A new report from the Scottish Housing Regulator’s National Panel of Tenants and Service Users has found that over a third of panel members have experienced difficulties in affording their rent. More than two thirds are concerned about the future affordability of their rent. Their concerns focused on rent increases and changes to income, particularly through changes in benefits.
The report also found that many of the Panel members have experienced difficulties with their wider finances. Nearly a third felt they are not managing their finances well and more than half have concerns for their future financial circumstances.
These findings come at a time when most landlords have increased the rent they charge tenants by levels above inflation. Every year the Regulator analyses landlords’ data from their annual returns on the Social Housing Charter. This shows that the average rent increase in 2018/19 was 3.7%. This is up on the previous year’s level of 2.4%, and is at the highest level since monitoring began in 2013. Four fifths of landlords increased rent in 2018/19 at a rate above inflation (Consumer Price Index).
The Regulator also found that more than four fifths of all landlords plan rent rises above inflation in the coming year; only four landlords plan to keep rents at the same level and none plan to cut rents.
Michael Cameron, the Regulator’s chief executive, said: “The National Panel report sends a clear message that affordability continues to be a concern for significant numbers of tenants. This year we asked Panel members about wider financial pressures, and the feedback shows that financial struggles are a very real issue.
“What is an affordable rent is a complex matter. Local context and markets, the interaction with benefits and tax credits, trade-offs with fuel costs all add to that complexity. And all landlords are not starting from the same position on rent levels, and some may be able increase rents at a higher level and keep them affordable. But the simple arithmetic is that, no matter the starting point, rents that increase above inflation are likely to become less affordable.”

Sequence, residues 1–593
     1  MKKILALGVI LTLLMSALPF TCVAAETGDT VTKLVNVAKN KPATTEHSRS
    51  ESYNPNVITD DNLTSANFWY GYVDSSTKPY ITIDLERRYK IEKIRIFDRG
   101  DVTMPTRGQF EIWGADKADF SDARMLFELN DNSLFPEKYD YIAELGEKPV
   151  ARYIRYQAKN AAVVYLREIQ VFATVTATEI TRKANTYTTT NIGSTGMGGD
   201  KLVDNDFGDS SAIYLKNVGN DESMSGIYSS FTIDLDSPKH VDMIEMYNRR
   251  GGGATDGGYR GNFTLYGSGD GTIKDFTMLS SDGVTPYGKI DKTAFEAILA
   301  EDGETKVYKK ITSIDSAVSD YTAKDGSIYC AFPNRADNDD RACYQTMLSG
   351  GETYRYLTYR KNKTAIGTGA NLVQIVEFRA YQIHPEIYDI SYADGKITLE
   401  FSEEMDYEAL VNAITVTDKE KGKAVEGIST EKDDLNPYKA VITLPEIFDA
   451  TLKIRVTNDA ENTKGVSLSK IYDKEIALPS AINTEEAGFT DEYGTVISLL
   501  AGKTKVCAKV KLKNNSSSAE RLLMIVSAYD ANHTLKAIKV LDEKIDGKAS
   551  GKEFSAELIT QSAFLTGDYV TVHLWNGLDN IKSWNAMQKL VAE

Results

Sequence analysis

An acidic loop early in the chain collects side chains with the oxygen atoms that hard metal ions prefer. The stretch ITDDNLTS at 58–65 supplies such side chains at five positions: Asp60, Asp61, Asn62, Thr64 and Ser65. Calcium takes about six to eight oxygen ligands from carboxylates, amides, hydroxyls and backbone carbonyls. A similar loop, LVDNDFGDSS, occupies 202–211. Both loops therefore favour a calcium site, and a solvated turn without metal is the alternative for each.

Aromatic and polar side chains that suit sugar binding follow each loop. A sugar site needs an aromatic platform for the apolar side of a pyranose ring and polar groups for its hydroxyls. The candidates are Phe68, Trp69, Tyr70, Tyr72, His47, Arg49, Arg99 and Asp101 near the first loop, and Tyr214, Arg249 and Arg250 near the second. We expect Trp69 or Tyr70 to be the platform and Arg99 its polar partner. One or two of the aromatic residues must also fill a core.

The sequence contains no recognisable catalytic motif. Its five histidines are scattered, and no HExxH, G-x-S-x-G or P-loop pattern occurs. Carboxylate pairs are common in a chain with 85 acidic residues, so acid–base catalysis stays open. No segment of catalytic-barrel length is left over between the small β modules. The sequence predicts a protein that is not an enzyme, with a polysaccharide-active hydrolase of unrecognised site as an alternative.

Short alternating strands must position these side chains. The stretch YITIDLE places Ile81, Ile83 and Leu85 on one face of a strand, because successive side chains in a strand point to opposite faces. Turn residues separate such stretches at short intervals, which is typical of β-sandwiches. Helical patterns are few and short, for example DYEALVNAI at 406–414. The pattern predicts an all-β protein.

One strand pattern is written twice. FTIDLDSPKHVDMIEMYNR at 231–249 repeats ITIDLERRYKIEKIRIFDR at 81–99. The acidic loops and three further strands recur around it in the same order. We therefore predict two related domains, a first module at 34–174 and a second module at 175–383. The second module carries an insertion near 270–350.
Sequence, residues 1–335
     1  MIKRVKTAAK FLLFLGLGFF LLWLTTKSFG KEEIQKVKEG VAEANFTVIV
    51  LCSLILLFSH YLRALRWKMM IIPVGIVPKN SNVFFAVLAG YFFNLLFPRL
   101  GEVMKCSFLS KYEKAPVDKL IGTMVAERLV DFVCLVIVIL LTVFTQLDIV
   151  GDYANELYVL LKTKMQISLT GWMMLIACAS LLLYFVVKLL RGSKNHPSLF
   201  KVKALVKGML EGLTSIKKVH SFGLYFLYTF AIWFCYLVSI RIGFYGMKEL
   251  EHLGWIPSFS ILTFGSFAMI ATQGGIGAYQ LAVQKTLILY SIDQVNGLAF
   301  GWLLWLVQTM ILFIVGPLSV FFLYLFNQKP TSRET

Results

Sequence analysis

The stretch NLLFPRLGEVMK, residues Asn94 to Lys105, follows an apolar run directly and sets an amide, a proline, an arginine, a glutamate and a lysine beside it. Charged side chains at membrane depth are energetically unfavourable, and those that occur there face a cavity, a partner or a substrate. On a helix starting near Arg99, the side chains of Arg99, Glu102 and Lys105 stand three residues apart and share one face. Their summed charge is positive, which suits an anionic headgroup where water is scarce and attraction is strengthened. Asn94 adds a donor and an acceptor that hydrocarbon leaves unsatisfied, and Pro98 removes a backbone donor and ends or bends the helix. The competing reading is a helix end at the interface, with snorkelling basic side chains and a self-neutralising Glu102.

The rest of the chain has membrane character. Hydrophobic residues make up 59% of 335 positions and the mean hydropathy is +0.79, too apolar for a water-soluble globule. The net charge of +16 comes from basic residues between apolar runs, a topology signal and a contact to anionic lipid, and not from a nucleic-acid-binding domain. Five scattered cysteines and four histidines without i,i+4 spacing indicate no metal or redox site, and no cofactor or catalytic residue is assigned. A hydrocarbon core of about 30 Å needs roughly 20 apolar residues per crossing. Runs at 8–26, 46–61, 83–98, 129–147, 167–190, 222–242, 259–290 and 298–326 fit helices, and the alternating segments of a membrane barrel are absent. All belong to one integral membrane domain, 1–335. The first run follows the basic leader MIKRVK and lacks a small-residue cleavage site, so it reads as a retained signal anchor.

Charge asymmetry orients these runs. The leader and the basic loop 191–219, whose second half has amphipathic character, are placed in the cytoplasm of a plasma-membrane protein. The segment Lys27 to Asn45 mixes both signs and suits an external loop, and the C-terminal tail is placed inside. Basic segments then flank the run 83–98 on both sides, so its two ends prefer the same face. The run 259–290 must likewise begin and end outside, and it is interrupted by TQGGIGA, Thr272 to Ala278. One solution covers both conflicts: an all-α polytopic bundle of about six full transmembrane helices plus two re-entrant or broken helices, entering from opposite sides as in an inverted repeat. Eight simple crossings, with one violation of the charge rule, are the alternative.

“In this context, and at a time when there is rightly a renewed focus on child poverty, we will look to landlords to demonstrate that their rents will remain affordable and that they are having effective dialogue with their tenants on rent increases. And the level of rent increase will feature prominently in our assessment of the risk each landlord presents. Landlords should be asking themselves whether they are doing everything possible to be efficient and drive costs from their business before passing costs on to tenants.”
This is the third of four themed reports from the National Panel. The first looked at tenant participation and digital access; the second looked at the experiences of users of homelessness services. The fourth and final report will be published next week and will look at the views of residents on sites provided for Gypsy/Travellers.
The National Panel has around 425 members. It is open to anyone who is a social housing tenant or uses social landlords’ services. Membership is diverse and includes people from urban and rural areas, across age bands, local authority and RSL tenants.
Next week the Regulator will also publish the 2018/19 National Headline Report on landlords’ performance in achieving the standards in the Scottish Social Housing Charter, along with detailed supporting data.
Anyone interested in joining the Panel should contact Engage Scotland on 0800 433 7212 or email@example.com.
Notes to editors
1. The Scottish Housing Regulator was established on 1 April 2011 under the Housing (Scotland) Act 2010. Its objective is to safeguard and promote the interests of tenants and others who use local authority and RSL housing services. The Regulator operates independently of Scottish Ministers and is accountable directly to the Scottish Parliament. It assumed its full regulatory responsibilities on 1 April 2012. The Regulator consists of the Chair and eight Board members. More information about the Regulator can be found on its website at www.scottishhousingregulator.gov.uk
2. SHR regulates around 160 registered social landlords and the housing activities of 32 local authorities.
3. SHR sets out its approach to regulation in its published Regulatory Framework – Regulation of Social Housing in Scotland.
4. All of the Regulator’s recent reports from the National Panel of Service Users are available on its website https://www.scottishhousingregulator.gov.uk/for-tenants/how-we-involve-tenants-and-service-users